The Heritage House
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The Heritage House is a non-profit youth hostel in the Jewish Quarter of the Old City of Jerusalem. Founded in 1985 by Rabbi Meir Schuster, it offers free or subsidized lodging to Jews from around the world. The hostel provides young Jewish adults with information on touring, studying, intern, and work opportunities in Israel, in addition to providing follow-up connections, especially with the Jewish communities back in their home towns around the world.
Meir Schuster opened the Heritage House non-profit youth hostels in 1985 in the Jewish Quarter of Jerusalem in order to give Jewish young adults the opportunity to explore Israel and their heritage in a safe and home-like environment. It is the only Jewish-run youth hostel in the Old City.
After changes in leadership, the organization split into two separate entities. The Men's house, led by Rabbi Ben Packer, moved to a location near the Hurva Synagogue. The Women's house, led by Chaya Weisberg, remained at its original location.
Apart from lodgings, the Heritage House provides a range of services designed to help guests explore Israel and Judaism, including free tours, information on educational programs, internship and volunteering opportunities.
There is a special optional program every Shabbat. One of the highlights is Jeff Seidel, director of the Jewish Student Information Center, arranges for guests to spend Shabbat meals with Orthodox families. For many guests this is the first time they ever see traditional Jewish family life up close.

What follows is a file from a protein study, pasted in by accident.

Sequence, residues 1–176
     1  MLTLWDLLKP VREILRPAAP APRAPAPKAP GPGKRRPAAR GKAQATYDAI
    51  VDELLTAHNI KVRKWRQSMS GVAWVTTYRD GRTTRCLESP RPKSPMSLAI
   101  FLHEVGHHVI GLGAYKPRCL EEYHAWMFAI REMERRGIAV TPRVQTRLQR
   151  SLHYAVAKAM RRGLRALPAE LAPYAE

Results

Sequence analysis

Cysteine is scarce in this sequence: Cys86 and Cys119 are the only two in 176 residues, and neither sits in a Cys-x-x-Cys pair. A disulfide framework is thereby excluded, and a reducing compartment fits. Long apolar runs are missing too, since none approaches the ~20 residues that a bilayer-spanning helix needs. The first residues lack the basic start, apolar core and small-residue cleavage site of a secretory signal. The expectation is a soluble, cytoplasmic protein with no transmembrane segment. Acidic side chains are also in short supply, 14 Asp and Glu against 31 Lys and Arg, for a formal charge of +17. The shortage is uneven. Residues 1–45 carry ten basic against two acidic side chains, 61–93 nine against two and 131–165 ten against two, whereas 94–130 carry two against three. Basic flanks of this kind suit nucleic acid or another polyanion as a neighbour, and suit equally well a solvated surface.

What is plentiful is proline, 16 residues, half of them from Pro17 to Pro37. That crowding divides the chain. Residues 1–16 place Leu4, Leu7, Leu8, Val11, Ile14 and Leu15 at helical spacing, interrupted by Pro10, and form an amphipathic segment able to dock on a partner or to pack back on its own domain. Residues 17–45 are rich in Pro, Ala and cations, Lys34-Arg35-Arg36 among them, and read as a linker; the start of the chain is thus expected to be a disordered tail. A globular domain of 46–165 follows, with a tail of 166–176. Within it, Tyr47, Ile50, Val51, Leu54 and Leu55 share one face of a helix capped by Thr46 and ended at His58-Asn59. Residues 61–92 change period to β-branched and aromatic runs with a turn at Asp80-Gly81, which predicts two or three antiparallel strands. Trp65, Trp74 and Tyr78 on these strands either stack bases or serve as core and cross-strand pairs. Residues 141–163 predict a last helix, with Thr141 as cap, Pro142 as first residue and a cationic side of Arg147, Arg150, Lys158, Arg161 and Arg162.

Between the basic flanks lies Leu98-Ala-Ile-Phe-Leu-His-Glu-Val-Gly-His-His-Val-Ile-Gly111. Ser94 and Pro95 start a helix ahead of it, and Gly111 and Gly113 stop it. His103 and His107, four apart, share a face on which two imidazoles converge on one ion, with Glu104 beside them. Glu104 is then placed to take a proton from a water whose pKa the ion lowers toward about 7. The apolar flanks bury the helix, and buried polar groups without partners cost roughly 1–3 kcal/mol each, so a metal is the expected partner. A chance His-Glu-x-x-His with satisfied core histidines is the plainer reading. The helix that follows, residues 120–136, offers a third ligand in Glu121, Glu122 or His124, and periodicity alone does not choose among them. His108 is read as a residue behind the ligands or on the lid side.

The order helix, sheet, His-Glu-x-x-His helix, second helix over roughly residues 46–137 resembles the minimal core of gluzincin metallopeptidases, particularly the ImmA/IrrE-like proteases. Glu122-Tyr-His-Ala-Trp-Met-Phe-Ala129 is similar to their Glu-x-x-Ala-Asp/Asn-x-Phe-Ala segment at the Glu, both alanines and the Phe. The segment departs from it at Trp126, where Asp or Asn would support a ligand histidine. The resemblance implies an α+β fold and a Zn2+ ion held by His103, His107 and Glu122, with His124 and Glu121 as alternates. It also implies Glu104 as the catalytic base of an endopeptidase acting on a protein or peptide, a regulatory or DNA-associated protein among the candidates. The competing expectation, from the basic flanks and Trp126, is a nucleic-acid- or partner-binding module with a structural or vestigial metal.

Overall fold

The High Holy days are the busiest time of the year for the Heritage House. An explanatory service is run in the Old City designed especially for beginners, although it attracts young Jews up to the age of 30 from all levels of observance.
Under the leadership of Packer, guests of the Jerusalem Heritage House for men take part in volunteer work restoring historical sites in Hebron and repairing synagogues and agricultural work at the vineyard in Kfar Tapuach and at locations in Israel.
The Heritage House consists of two buildings, one for men and one for women, which are in close proximity. The buildings date back to the Crusader period, with a medieval ambiance preserved through the stone walls and classic interior arches. Nevertheless, both buildings have modern renovations and extensions to cater to the comfort of the guests.
In a series of reports published in Haaretz between Nov. 13-14 2017, it was alleged that the men's Heritage House encourages guests to volunteer in illegal West Bank outposts, does not accept non-Jewish guests, and promotes a radical right-wing agenda. Following the reports, Birthright stopped promoting the hostel. While birthright conceded to this unverified expose, Aish among other Jerusalem centered foundations, continued their support. While they're are conflicting reports, the majority seem to indicate that the Heritage houses primary goal is reintroducing young Jewish peoples to the Holy Land Jerusalem. The women's Heritage House however is considered definitively apolitical and is a separate legal entity.
- Kempinski, Yoni (Sep 27, 2015). "Planting Trees Post-Shmita in the Shomron". Israel National News.
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